— Pippa Mackie, Mike Stack. David Cooper
Gateway Theatre’s season-opener, Sylvia, marks the company’s inaugural production under its new Artistic Director, Jovanni Sy, who succeeds long-time Gateway AD Simon Johnston. Johnston has carefully cultivated his Richmond audience, developing Gateway’s programming by following Bill Millerd’s hugely successful Arts Club model: easily digestible populist entertainments sprinkled with more challenging plays and new work from local writers.
If building capacity and pleasing the audience are the goals, Saturday night’s enthusiastic full house suggests that Sy would be wise to continue along this same path.
American playwright A.R. Gurney’s Sylvia, a clever sitcom dressed up as a serious comic play, was a minor hit on Broadway in 1995, starring Sarah Jessica Parker before she became famous for Sex and the City. The play might have been called Rex and the City if the title character were male, but Sylvia is a female dog. Some might say she’s a bitch.
We’re in the New York condo, handsomely designed by Lauchlin Johnston, of Greg (Mike Stack) and Kate (Lisa Bunting), empty-nesters who have recently moved to the city. Their kids have gone off to college, Kate has gone back to work teaching Shakespeare to junior high schoolers, and Greg toils at a Wall Street job he hates.
One day Greg brings home a stray he found in the park. Sylvia is a cute mutt and Greg falls hard for her, but Kate values their independence and doesn’t want a dog shedding on the couch and piddling on the floor. Greg convinces Kate to give it a few days, but meanwhile he becomes more and more infatuated with Sylvia until their marriage becomes the issue. Just how long will Kate put up with a canine rival? And will Greg choose his dog over his wife?
Greg and Kate’s marital problems and Greg’s mid-life crisis prove less interesting than Sylvia herself, played by a human (Pippa Mackie) with the convention that she and Greg and Kate can speak to each other in human language. “I love you,” Sylvia tells Greg when he first brings her home, indicating the kind of loyalty that makes dog owners so passionate about their pets. “I think you’re God.”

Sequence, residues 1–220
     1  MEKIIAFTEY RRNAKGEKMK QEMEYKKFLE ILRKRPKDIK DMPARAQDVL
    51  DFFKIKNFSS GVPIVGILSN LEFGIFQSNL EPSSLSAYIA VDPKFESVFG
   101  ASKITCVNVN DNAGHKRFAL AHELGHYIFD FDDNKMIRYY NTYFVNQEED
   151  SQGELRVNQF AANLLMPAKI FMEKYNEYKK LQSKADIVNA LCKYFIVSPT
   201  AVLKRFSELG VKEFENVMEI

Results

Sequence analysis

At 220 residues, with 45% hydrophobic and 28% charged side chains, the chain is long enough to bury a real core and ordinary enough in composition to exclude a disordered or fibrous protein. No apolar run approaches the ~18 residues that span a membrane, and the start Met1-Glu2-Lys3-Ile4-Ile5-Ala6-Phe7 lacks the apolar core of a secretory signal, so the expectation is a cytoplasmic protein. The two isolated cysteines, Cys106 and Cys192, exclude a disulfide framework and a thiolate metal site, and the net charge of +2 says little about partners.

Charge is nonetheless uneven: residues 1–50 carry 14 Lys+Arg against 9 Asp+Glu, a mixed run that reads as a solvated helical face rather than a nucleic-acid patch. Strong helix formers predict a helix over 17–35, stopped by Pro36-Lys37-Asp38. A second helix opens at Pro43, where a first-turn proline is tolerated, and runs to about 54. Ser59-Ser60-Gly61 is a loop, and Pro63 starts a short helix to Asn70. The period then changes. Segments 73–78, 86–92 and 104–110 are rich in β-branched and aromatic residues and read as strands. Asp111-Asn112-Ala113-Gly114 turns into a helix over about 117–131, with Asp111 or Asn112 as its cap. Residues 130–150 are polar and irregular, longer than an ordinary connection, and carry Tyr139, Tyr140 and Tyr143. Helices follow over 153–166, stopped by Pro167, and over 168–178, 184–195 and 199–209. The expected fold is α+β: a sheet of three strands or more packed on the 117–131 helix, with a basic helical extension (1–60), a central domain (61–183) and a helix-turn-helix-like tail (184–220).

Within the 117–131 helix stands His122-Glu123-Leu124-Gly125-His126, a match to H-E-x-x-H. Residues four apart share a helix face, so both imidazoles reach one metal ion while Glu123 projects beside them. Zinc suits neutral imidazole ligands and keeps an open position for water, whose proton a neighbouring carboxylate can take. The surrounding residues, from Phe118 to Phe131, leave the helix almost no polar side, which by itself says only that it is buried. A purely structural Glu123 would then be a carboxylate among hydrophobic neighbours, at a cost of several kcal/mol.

Much of the fun of the play comes from the physicality of the dog-actor, and director Johnna Wright gives Mackie lots to do: jumping on the furniture, dragging her bum across the floor, sniffing people’s privates. Greg scratches Sylvia’s belly and she vibrates with pleasure. Greg waxes philosophical and she licks her crotch. There’s a very funny bit where Sylvia goes after a cat under a car.
Sylvia is sometimes vulnerable, worried that she’ll end up in the pound or worse. But most of the time she’s bratty like a rebellious adolescent daughter, or brazen like a mistress who doesn’t care if his wife knows about the affair.
Greg becomes obsessed with her as if she were in fact The Other Woman. When Sylvia goes into heat and does it with Bowser in the park, Greg is the crazy jealous lover. When he sees Kate off to a conference, Greg dreams of Sylvia lying sinuously at home on the couch, waiting for him, leading to a wonderful triangular moment when all three sing Cole Porter’s “Every Time We Say Goodbye.” Eventually Greg and Kate end up seeing a marriage counsellor (Daniel Arnold, who also plays Bowser’s master and a female friend of Kate’s).
In the way of all good comedies—and unlike real life which this play resembles only very slightly—things will, we know, somehow work out. Every dog may not have its day but Sylvia will surely have her way.